Since last Valentine’s day the most popular posts on my pages have undoubtedly been from the series “Love Poems You Wish You had Written,” including this article featuring E. E. Cummings and why his name should be properly capitalized. And if this lights your valentine fires, please see Suzie Grogan’s blog, No Wriggling Out of Writing, in which she was doing a parallel companion series.
So this year over Valentine’s weekend I thought I’d bring you a couple of love songs that I wish I had written. Today’s is in honor of the legendary folk singer Pete Seeger, who passed away in January at the age of 91.
The Rolling Stone posted a little gem of an article this morning which features about ten minutes of “recently unearthed Pete Seeger footage” from a 1961 documentary “Wasn’t That a Time?” Brothers Michael and Philip Burton, the producers of the film were obviously Seeger supporters, but I find it sad that even believers in peace could be so cynical as to describe him as “idealistic to an unrealistic degree,” as if it was perhaps something naive to be “community-minded, obsessed with curing social ills through music.” That sounds like a pretty worthwhile obsession to me. His vision of peace was far ahead of his time, but time will tell whether or not such dreams are unrealistic. I see no value in giving up hope.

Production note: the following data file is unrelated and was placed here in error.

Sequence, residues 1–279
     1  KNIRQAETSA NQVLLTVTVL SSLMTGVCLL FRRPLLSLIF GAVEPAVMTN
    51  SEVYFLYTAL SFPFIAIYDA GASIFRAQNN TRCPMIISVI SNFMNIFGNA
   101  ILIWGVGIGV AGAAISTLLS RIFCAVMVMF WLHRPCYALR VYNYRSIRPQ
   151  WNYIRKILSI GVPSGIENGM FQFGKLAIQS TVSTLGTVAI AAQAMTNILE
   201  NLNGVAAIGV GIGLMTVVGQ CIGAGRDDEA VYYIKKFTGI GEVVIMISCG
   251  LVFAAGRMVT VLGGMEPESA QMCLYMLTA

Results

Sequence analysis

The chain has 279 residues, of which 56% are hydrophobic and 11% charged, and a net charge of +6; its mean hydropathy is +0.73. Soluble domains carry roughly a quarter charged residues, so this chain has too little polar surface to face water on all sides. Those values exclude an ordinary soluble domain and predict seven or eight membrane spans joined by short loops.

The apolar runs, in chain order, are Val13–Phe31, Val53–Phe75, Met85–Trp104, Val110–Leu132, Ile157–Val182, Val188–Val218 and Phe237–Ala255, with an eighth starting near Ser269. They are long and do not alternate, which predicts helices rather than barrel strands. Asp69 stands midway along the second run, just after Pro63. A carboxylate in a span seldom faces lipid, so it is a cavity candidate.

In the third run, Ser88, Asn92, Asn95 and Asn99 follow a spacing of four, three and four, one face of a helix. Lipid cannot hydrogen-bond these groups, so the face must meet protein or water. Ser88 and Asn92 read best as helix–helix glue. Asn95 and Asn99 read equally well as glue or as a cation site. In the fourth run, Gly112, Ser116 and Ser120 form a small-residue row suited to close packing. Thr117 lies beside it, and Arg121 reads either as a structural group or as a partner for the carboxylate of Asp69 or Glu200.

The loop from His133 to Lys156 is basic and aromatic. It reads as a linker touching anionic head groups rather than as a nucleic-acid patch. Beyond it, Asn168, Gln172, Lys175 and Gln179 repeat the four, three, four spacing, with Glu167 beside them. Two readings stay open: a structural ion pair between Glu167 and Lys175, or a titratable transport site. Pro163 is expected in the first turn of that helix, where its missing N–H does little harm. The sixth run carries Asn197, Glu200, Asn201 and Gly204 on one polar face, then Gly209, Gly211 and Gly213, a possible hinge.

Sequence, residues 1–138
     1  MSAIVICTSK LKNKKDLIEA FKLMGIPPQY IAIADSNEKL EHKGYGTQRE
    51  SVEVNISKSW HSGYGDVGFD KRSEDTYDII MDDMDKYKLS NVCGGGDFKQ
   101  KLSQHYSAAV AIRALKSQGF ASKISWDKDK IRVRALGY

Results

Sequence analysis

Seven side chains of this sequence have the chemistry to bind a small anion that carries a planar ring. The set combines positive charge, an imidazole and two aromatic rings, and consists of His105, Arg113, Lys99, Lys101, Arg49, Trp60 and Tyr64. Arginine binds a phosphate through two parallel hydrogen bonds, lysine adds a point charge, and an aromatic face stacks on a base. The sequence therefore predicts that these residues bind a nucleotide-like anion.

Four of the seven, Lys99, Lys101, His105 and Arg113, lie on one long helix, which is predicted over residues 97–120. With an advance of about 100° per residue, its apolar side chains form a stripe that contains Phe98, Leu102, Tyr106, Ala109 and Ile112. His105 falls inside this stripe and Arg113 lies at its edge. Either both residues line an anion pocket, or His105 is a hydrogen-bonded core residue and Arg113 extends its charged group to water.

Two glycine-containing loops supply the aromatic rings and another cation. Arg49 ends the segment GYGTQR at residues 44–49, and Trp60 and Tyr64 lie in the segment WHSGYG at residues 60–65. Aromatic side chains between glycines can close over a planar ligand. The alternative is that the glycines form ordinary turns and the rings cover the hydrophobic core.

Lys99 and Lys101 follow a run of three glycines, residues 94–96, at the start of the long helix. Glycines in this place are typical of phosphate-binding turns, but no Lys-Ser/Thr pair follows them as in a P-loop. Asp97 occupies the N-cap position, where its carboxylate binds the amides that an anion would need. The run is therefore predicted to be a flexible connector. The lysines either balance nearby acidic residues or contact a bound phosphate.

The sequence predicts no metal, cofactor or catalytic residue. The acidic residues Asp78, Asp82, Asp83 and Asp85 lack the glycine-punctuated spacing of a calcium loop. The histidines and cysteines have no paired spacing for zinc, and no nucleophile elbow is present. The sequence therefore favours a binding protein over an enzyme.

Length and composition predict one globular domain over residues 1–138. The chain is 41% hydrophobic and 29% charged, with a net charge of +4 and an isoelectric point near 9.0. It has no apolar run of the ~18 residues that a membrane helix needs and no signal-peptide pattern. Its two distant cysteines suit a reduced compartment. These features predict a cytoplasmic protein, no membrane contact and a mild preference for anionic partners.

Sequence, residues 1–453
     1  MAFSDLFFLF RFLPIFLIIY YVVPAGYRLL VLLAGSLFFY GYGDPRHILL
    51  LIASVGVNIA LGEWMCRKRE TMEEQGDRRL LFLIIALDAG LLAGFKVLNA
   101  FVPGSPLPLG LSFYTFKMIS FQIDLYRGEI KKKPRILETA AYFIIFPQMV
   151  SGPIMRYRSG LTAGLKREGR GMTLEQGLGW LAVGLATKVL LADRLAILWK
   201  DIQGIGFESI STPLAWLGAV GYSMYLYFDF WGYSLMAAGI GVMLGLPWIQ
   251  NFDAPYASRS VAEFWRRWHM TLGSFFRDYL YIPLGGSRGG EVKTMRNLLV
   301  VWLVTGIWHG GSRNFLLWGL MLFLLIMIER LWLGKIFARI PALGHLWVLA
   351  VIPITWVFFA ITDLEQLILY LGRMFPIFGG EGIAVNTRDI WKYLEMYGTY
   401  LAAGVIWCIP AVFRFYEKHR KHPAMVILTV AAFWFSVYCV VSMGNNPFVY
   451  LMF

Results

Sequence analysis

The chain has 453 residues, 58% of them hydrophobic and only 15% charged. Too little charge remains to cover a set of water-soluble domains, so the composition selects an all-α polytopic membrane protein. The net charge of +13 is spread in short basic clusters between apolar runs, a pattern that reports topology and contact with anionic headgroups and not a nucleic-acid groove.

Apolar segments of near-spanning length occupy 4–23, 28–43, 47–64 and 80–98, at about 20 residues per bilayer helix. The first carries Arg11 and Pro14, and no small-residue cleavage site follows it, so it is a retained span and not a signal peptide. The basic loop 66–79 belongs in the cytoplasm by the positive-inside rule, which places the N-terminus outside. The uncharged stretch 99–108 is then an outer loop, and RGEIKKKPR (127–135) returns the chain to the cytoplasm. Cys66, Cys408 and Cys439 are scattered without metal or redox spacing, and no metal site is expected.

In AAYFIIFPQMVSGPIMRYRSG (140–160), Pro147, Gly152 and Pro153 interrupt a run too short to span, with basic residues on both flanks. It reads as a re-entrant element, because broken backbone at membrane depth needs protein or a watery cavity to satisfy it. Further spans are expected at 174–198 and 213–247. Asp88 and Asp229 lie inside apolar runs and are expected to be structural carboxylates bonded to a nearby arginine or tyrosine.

Today’s love song was written as something personal and specific, but Arlo Guthrie in a concert with Pete in Denmark made it universal. My brother Jeff first introduced me to an earlier live performance of this story in which Arlo had said that folks songs were not always about “stuff,” but sometimes just the result of an intangible feeling that compels complete strangers to “suddenly erupt into chorus. It’s a heart thing!”
And so appropriate to this day of hearts and love. Listen to Arlo Guthrie, son of Woody Guthrie, and patron saint of “Alice’s Restaurant” tell the story. And watch Pete Seeger and his grandson Tao sing along in this live concert clip from a few years back.